oa South African Journal of Clinical Nutrition - Enhanced microbiological safety of acidified infant formulas tested in vitro
Objectives. To determine growth behaviour of pathogens and spoilage micro-organisms in infant formulas after reconstitution, and comparison of the bacteriostatic effect of acidified formulas obtained through fermentation or by direct addition of lactic acid.
Design. Four commercially available infant formulas were deliberately contaminated with eight different pathogens and stored at 4, 25 or 37°C. Growth of the micro-organisms was followed by enumeration after 0, 3 and 6 hours. In a second challenge test the fate of pathogens added to a fermented infant formula was compared with that of pathogens in a non-fermented acidified formula.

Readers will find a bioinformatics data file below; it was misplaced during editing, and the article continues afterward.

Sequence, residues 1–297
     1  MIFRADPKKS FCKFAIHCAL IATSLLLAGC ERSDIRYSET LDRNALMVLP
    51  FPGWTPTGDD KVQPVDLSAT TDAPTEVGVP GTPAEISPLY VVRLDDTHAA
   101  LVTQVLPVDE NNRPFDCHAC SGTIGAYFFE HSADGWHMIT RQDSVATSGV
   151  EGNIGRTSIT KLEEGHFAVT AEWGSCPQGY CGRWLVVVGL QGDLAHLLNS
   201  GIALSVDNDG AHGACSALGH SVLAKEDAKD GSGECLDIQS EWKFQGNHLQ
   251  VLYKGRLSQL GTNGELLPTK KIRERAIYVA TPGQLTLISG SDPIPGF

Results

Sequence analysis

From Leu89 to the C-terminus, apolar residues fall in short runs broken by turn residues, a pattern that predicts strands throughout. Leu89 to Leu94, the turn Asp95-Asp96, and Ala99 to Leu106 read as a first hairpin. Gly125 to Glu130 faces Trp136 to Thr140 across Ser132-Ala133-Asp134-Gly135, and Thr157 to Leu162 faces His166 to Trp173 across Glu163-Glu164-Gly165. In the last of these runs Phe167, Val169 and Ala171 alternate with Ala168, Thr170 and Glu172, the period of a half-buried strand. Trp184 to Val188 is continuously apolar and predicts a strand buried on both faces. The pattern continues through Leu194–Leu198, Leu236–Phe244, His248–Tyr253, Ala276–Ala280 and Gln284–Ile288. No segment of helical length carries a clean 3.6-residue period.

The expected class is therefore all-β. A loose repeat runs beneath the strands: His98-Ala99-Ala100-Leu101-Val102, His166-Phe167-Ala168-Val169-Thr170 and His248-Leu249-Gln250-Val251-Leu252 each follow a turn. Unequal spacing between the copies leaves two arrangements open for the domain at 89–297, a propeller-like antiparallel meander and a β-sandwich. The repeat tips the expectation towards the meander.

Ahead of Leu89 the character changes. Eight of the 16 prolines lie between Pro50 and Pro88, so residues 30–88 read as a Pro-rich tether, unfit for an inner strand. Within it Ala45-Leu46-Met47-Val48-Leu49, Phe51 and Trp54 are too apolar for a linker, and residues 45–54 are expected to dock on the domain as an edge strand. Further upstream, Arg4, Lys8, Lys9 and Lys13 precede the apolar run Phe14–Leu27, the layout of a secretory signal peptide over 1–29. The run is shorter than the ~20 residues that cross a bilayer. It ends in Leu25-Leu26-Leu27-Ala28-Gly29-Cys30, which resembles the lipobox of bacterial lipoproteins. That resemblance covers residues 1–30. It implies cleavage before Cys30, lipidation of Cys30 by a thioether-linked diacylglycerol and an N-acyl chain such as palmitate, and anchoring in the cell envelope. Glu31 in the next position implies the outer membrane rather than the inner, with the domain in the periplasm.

Results. After a lag phase of a few hours, most of the examined micro-organisms grew well in the pH-neutral products at 37°C. At 25°C growth was clearly retarded and at 4°C no significant growth was detected within 6 hours. Fermented formula exerted an inhibitory effect on all micro-organisms. The same effect was observed with a non-fermented acidified formula.
Conclusions. Because pH-neutral reconstituted infant formulas may support rapid growth of many undesirable micro-organisms, including pathogens, utmost care should be taken to prevent contamination, and storage under conditions favouring growth of pathogens should be avoided. Alternatively, prevention of rapid microbial proliferation in infant formulas may be achieved by acidification, either through fermentation or by direct addition of lactic acid, provided that the pH is lower than 5.0.
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